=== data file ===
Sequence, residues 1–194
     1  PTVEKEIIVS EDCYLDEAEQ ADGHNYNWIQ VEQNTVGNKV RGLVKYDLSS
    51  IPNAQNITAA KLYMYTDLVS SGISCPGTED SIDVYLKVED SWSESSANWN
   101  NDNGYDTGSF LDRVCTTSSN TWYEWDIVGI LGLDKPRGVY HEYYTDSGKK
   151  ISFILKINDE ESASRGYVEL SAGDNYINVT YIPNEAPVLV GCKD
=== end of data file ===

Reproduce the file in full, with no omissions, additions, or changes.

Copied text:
Sequence, residues 1–194
     1  PTVEKEIIVS EDCYLDEAEQ ADGHNYNWIQ VEQNTVGNKV RGLVKYDLSS
    51  IPNAQNITAA KLYMYTDLVS SGISCPGTED SIDVYLKVED SWSESSANWN
   101  NDNGYDTGSF LDRVCTTSSN TWYEWDIVGI LGLDKPRGVY HEYYTDSGKK
   151  ISFILKINDE ESASRGYVEL SAGDNYINVT YIPNEAPVLV GCKD